At this time of the year, forecasts for 2017 can be seen and read everywhere. What is astonishing to see is how little the experts were able to correctly predict last year. Nevertheless, forecasts remain popular, especially among investors.
I hardly pay attention to these predictions, especially after reading Peter Lynch's book "Beating the Street". Lynch explains how he annually met the 30 largest investors in New York at the invitation of the renowned publishing house Barron, and made forecasts for the coming year.
Not one of the experts' forecasts even came close to being accurate. This is Peter Lynch's statement in his book, not mine!
To further the point, in 1987 (before a very big market crash), the forecasts from the Wall Street luminaries couldn’t have been more optimistic and predicted the best year of the decade. I remember well my father's long-time investment advisor telling us in June 2009 that you will never make any money investing in stocks again. In reality, June 2009 was clearly the best entry point for stock investing in decades.
Philip Tetlock, a professor at the University of California Los Angeles (UCLA), investigated the matter scientifically and analyzed 80,000 expert forecasts. His conclusion: a roll of the dice is a better predictor of the future. Ironically, the more famous the “expert”, the worse their predictions have been. On the other hand, those who were less renowned have had better results with their predictions.
The reason? Society and economy are simply too complex to make accurate predictions. This is the illumninating opinion of Nobel laureate Daniel Kahneman.
So, why would I dare to make my own prediction? First, because everyone has to think about their priorities, and second, because you, as a reader, are in a better position to evaluate me. So, what is my strategy in 2017?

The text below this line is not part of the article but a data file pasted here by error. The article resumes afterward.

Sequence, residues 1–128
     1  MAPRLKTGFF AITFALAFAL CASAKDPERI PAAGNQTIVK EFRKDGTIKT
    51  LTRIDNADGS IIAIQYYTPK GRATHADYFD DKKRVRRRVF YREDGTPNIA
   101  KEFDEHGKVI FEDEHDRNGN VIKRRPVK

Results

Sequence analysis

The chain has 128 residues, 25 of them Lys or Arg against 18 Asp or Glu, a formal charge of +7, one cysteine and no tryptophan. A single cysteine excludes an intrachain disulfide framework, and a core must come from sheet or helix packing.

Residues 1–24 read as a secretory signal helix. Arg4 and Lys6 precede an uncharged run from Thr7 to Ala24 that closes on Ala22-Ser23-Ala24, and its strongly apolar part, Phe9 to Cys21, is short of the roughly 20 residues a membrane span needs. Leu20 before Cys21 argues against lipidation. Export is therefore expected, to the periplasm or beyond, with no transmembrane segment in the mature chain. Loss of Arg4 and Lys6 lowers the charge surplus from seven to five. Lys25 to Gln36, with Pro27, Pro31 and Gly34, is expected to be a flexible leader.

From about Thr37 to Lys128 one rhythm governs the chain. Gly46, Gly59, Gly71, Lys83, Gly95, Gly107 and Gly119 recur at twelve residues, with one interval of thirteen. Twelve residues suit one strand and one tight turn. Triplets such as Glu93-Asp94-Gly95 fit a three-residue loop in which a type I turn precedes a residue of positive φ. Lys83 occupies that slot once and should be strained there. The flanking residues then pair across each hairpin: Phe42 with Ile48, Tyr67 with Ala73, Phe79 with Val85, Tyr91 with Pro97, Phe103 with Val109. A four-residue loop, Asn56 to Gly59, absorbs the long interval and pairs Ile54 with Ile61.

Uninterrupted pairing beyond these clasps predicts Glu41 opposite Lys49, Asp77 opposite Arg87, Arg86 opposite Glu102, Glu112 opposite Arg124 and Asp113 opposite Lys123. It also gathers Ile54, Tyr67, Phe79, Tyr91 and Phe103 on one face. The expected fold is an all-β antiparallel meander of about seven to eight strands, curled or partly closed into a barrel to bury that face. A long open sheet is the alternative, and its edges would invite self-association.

First of all, I don’t have a lot of trust in today's investment possibilities and will only make necessary investments in new assets. This is also why I have paid off a large part of my mortgages. In addition, I am planning to invest in equities again in 2017, because it is important to do this consistently every year. Because of the payments for my mortgages, I will have less money available to invest in the stock market than before.
I will not enter the US market in 2017, because I think the North American markets are still too expensive and the prospects for the US economy have deteriorated with the election of Trump. This is my personal opinion, not a prognosis. And I will stay true to my opinion, even though I am probably wrong.
I continue to believe more in Europe than in other regions, because I have more confidence in free, social market economies than in authoritarian societies, no matter how cool their bosses are. Europe is still the gold standard for me, even though I wish it could be even better.
For the pure pleasure in its technology, I have bought Bitcoin over the last fifteen months, in a position that represents about 2% of my assets. I don’t care if the money disappears, but the hope and prospects bring me a lot of joy. I personally believe in Bitcoin, but my opinion is in the minority.
For the first time in my life, I created a small gold reserve out of small gold bear relics I keep in my safe, which only represent 1% of my assets. I do not expect any return, because by definition, gold does not yield a return. Gold is only an emergency solution in case of natural disasters and I use this primarily for the protection of my family.
In summary, this is what 2017 means for me: lower leverage (fewer debts) and fewer new investments and a little bit of speculation on Bitcoin, a personal passion.